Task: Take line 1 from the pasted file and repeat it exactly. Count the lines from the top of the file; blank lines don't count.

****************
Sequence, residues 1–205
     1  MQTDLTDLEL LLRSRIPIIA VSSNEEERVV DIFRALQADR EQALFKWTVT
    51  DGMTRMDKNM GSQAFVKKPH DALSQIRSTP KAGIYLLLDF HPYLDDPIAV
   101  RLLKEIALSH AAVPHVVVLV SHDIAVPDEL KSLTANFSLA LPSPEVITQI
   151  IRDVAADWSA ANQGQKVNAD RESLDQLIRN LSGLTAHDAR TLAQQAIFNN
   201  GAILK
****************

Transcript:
Sequence, residues 1–205